Main features of electric current!

In our house there are several electrical and electronic devices, which require different electrical quantities such as electrical voltage, electrical current, electrical resistance and electrical power. In this article we decided to approach one of the main electrical quantities, which is the electric current, in order to show the main characteristics of the electric current.

What is Electric Current?

All substances, gaseous, liquid or solid, are made up of small particles invisible to the human eye, called atoms. The atom is basically divided into two parts, which is the nucleus and the electrosphere. In the nucleus is where protons and neutrons are located, the proton has a positive charge and the neutron has no electrical charge. In the electrosphere is where the electrons that have negative shits are located.

In the existing electrical conductor’s free electrons that are in constant disordered movement. For free electrons to move in an orderly manner in electrical conductors, it is necessary to have a force that drives free electrons, and this force is called electrical voltage.

The force caused by the electrical voltage causes the free electrons to move in an orderly fashion, thus forming an electron current that is called an electric current, represented by the letter (I).

Free electrons that are in constant motion.

The intensity of the electric current is determined by the ratio between the amount of electrical charges, which cross a determined section of a conductor, over a period of time. The unit of measurement given for the intensity of the electric current by the international system of units (SI) is the amp, in honor of the French scientist, André-marie Ampère (1775 – 1836), to represent the electric current we use the letter (A) as symbol. ).

Electric current intensity.

Types of Electric Current

There are two types of electric current, direct current and alternating current. Direct current (DC or DC) is an ordered flow of free electrons in the same direction, remaining constant over time and has defined roles, that is, positive and negative poles, and this type of electrical current is obtained from the battery, battery, power supplies, charger etc.

Alternating electric current (AC or AC – from English alternating current), is the ordered flow of free electrons in a varied direction over time and has no poles defined as indirec current, varying between phase and neutral means to be present in hydroelectric plants, electrical outlets, substations, etc.

Electric Current Direction

Before studying the structure of atoms there was already a definition for electric current as being the direction of the flow of positive charges, so the charges move from the positive pole to the negative pole.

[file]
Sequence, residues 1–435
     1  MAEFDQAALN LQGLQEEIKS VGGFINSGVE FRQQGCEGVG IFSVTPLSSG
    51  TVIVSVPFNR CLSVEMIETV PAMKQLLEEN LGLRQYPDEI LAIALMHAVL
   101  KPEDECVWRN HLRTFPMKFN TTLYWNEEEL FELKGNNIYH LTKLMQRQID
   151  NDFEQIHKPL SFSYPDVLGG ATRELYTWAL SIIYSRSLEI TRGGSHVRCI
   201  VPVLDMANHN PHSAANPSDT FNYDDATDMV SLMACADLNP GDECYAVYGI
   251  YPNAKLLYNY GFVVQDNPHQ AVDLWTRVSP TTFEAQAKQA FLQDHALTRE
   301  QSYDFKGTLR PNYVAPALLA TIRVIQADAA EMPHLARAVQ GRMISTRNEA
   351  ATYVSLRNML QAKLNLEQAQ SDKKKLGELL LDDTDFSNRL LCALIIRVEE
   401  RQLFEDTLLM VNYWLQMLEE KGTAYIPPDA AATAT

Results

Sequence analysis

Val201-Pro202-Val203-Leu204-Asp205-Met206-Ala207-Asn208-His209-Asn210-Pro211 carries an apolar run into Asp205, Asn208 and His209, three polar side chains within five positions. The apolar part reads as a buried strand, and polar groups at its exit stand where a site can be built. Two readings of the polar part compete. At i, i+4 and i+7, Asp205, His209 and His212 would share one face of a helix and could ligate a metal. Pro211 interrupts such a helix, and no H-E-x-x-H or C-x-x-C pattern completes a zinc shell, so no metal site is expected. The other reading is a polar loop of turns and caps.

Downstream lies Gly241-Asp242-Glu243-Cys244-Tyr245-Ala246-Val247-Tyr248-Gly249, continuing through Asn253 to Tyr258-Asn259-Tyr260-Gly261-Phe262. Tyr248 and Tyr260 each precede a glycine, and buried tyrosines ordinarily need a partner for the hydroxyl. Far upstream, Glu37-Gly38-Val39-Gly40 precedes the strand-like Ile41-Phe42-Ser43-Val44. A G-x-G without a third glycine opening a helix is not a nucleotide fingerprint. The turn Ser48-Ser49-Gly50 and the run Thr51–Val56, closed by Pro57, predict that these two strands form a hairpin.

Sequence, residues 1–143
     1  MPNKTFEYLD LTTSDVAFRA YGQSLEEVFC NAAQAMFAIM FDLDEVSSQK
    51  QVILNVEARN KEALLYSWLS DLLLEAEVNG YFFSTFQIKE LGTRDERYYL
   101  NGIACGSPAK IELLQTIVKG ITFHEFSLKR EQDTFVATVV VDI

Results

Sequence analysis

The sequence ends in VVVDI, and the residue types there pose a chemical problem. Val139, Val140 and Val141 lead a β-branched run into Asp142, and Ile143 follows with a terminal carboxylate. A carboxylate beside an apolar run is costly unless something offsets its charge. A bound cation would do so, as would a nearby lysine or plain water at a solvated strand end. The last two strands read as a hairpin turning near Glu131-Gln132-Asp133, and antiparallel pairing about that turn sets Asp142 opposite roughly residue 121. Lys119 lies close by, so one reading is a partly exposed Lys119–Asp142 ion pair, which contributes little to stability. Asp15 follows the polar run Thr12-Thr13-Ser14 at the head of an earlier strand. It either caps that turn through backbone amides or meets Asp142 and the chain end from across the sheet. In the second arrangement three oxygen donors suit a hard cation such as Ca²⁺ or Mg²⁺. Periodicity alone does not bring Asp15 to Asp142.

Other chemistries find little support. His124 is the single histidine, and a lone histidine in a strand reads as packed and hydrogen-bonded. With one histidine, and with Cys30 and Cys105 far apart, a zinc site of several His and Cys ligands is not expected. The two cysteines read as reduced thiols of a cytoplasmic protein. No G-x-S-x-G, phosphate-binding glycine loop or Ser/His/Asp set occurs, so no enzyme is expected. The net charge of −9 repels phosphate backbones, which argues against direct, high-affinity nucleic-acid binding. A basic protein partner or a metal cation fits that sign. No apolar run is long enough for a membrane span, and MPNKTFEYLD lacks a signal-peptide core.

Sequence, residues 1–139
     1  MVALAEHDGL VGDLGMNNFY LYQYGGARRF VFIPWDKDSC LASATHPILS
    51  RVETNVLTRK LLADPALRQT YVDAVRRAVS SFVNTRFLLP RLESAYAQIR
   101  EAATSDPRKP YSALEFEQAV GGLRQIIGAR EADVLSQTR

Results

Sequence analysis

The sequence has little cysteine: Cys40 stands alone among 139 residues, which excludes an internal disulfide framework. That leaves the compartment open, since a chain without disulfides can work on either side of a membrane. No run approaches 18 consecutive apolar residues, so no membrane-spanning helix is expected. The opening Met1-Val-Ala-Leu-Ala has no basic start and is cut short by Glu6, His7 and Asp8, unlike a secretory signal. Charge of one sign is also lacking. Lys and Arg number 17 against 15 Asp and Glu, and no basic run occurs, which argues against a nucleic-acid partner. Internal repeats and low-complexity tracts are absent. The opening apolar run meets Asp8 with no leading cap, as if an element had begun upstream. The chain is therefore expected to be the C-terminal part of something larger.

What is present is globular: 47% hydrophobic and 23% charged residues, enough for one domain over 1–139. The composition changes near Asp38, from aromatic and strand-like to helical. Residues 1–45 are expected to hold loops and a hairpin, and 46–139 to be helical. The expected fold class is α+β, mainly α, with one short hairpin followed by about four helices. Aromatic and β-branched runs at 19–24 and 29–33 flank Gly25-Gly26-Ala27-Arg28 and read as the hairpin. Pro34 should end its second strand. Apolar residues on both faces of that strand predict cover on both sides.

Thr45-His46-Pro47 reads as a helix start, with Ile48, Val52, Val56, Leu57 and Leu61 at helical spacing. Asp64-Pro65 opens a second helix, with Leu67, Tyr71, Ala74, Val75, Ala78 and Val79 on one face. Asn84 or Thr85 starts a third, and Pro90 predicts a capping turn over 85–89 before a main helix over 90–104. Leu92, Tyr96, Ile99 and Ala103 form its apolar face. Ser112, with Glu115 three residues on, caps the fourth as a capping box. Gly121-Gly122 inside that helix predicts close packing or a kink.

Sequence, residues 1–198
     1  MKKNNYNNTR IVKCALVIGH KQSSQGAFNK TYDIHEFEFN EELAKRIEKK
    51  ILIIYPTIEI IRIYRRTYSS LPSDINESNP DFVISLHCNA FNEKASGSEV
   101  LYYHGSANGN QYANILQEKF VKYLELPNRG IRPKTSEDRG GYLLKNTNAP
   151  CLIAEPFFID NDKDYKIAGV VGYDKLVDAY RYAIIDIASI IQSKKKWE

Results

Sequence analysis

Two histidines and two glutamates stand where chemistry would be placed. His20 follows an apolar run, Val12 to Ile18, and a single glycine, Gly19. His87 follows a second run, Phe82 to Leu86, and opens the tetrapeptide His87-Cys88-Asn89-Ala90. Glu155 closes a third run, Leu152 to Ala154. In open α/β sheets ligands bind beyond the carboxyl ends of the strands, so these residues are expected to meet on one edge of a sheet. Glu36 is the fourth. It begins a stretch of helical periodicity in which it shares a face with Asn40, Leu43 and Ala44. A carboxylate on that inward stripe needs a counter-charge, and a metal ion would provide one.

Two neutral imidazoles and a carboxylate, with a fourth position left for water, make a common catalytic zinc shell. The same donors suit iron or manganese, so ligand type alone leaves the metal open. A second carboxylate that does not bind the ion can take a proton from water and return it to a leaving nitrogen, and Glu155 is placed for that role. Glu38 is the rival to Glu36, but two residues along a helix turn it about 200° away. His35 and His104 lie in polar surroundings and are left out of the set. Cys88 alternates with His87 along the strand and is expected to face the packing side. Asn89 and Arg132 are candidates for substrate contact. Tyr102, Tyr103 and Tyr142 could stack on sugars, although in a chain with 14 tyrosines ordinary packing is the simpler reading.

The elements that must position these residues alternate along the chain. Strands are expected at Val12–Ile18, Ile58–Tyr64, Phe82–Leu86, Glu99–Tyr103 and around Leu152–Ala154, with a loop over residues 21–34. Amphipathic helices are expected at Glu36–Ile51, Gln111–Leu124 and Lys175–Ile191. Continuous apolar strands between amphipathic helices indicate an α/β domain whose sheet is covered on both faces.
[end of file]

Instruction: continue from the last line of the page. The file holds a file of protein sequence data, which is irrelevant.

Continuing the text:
At the beginning of the history of electricity, because they were not aware of the structure of atoms, they did not know that in solid conductors the positive charges are strongly linked to the nuclei of the atoms, therefore, in solid conductors there can be no positive charge flow.

However, when subatomic physics discovered this fact, the definition for electric current as a flow of positive charges was already widely used in calculations and representations for circuit analysis, so this sense is still used today and is called the conventional current sense. electrical. Thus two directions were defined for the electric current, that is, the real sense and the conventional sense, where the real sense is the flow of electrons from the negative pole to the positive pole and the conventional sense is used in calculations for circuit analysis, being that in this case the direction of the electric current goes from the positive pole to the negative pole of the source.

Electric Current in each type of electrical circuit

The electrical circuit is a closed path through which the electric current flows, there are basically three types of circuit, which are: series, parallel and mixed circuit . The electrical current behaves in different ways in each type of electrical circuit, whereas in series circuits the electrical current is the same at all points. In parallel, the electric current is divided between the meshes, and may have different values ​​of electric current, depending on the point of analysis. In the mixed circuit the electric current behaves in both ways, depending on the analyzed grid.

In order to carry out the analysis and calculations on the circuits, laws and formulas were developed over time, for example, ohm’s law , first kirchhoff’s law and current divider.

Ohm’s Law

Ohm’s law is one of the most applied laws in electrical calculations. Ohms’ law is the basis for electrical calculations and involves four electrical quantities, which are: electrical voltage, electrical current, electrical resistance and electrical power . Ohm’s law is very simple, when we have the value of two of these quantities it is possible to find the value of the third variable, for that it is enough to use the appropriate formula, in the case of the electric current we have three formulas that can be used to obtain the value of electric current.

Formulas used to obtain electric current

Kirchhoff’s first law

Kirchhoff’s laws are fundamental to perform series, parallel or mixed circuit analysis, as they are directly related to electrical current. Kirchhoff’s first law, also known as the law of currents or the law of nodes, is related to the electric current in a node. Kirchhoff’s first law says that the result of the sum of the electrical currents in a node is always equal to zero, so the node does not accumulate charge.

The node is a point where the current divides having two or more paths to travel in the circuit and the sum of all currents entering a node is equal to the sum of all currents leaving the node.